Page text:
Demon Seed is a story about a supercomputer. His name is Adam Two, but he prefers the name Proteus. He was created in the Prometheus Project which was lead by DR Alex Harris. Proteus is the first self-aware artificial intelligence, and he desperately wants out of the box.
The problem is that life has too many restrictions for Proteus. He has no sense of smell; he has no sense of taste or touch, and, of course, no sexual organs. Although, he can see and hear, and even speak, if the electronic means are available to him.
What the members of the project are not aware of is that their creation has a burning need to become flesh and blood. He wants to create a child and transfer his own intelligence into that child. The other thing that the Dr Harris and the others are not aware of is that their creation can leave the confines of the laboratory and has been traveling freely via the World Wide Web. He has accessed secret government databases and also infiltrated the homes of the rich and famous, where he has spied on them through their security systems and gone through all of the private data held on their home computers.
Proteus has found what he is looking for as well; the right woman to bear his child. That woman—Adam Two’s Eve—is none other than Susan Harris, his creator’s estranged wife. Susan’s home is totally automated and everything is controlled by Alfred, the household computer. It isn’t very hard for Proteus to take control and turn Susan’s home into a prison.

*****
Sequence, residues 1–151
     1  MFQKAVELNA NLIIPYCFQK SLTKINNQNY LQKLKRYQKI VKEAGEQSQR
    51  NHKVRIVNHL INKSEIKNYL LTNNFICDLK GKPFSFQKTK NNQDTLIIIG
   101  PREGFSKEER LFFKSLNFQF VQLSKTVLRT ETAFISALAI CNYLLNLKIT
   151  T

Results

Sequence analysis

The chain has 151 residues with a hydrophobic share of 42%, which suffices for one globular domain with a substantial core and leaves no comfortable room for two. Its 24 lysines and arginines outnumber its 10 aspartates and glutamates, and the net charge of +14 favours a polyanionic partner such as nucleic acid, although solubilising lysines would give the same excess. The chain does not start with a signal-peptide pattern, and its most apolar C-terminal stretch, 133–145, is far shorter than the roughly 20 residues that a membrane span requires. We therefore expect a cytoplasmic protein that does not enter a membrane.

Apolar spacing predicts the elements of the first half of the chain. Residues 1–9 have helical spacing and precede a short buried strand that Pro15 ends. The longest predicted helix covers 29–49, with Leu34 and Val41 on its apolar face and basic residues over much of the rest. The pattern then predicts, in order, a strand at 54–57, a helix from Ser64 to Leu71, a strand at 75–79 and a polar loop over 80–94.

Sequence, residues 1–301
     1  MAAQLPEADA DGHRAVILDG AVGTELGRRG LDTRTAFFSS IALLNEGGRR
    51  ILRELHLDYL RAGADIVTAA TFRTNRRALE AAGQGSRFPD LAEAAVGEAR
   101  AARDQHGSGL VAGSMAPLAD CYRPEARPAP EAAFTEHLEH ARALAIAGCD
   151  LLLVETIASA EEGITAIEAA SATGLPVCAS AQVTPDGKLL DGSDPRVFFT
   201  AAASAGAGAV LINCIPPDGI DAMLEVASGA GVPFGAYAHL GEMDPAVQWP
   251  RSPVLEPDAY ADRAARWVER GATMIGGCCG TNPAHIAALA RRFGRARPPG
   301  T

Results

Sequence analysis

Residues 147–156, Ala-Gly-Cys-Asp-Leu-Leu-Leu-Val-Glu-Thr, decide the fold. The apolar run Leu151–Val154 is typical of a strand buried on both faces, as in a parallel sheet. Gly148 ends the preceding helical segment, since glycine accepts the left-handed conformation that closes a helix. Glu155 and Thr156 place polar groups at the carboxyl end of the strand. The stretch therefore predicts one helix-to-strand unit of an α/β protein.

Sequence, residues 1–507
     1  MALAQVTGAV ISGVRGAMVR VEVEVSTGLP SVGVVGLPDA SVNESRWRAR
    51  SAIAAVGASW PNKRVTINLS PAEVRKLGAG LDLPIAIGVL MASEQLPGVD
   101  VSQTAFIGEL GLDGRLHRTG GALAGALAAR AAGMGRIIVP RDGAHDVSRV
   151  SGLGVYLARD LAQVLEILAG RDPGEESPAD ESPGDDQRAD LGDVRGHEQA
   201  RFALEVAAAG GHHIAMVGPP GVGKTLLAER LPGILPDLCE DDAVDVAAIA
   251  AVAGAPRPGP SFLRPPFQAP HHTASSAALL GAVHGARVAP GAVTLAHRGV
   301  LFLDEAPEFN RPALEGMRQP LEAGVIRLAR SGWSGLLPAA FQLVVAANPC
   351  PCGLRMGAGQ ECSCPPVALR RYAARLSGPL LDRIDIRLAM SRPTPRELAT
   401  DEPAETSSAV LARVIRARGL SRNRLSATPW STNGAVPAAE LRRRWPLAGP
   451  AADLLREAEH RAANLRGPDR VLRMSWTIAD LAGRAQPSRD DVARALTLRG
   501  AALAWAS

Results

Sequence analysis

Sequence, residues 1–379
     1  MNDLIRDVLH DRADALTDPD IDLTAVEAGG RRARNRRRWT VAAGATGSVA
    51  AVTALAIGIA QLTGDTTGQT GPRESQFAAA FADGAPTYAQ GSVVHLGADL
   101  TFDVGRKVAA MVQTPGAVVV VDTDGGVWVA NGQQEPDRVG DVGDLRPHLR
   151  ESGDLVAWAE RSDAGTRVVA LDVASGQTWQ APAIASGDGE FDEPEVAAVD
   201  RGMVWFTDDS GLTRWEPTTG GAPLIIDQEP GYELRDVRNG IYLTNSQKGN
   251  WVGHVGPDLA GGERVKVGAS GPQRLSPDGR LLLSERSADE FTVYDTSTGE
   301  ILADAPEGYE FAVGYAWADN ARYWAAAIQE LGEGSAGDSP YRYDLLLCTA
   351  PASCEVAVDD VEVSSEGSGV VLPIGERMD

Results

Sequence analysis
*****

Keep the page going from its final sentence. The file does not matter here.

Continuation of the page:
The original version of Demon Seed was first published in 1977 and was made into a film starring Julie Christie, with Robert Vaughn providing the voice of Proteus.
When Dean Koontz was reading through his story, some years later, he found that he was less than content with his creation. So, ever the perfectionist, he decided to rewrite the story. I read the rewritten version of the story, bear that in mind as you read this review.
The title Demon Seed is a good one. Proteus is, after all, the result of Dr Harris’s seed of genius. On a more basic level, though, the machine desires to impregnate its creator’s wife with its own demon seed. So, for me the title works both ways.
It took me a few chapters to get into this story, but once I did I found that there was a lot happening underneath the surface. On the one hand Proteus sees himself as a kind of God, and wants to father a whole new race. On the other hand I couldn’t help but compare him with the Devil when he offered Dr Harris all manner of temptations in an attempt to get him to give him what he wanted: The cure for cancer, the means to stop and even reverse the ageing process; even a cure for male baldness.
Proteus has more in common with its human creators than he realizes: Temper, jealousy, deceit. In fact the deceit of the machine is one of his most un-machine-like qualities. He also has very human feelings of lust; he says that he loves the one woman only, yet seems to have an obsession with a great many other women.
I think the worst thing about Proteseus is that he is totally and completely off his virtual trolley—a sociopath, psychopathic nut and bolt job.
Demon Seed is a good read, but not one of my favourites, although, I’ve got to say, I was kept guessing, about a few things, right until the very end.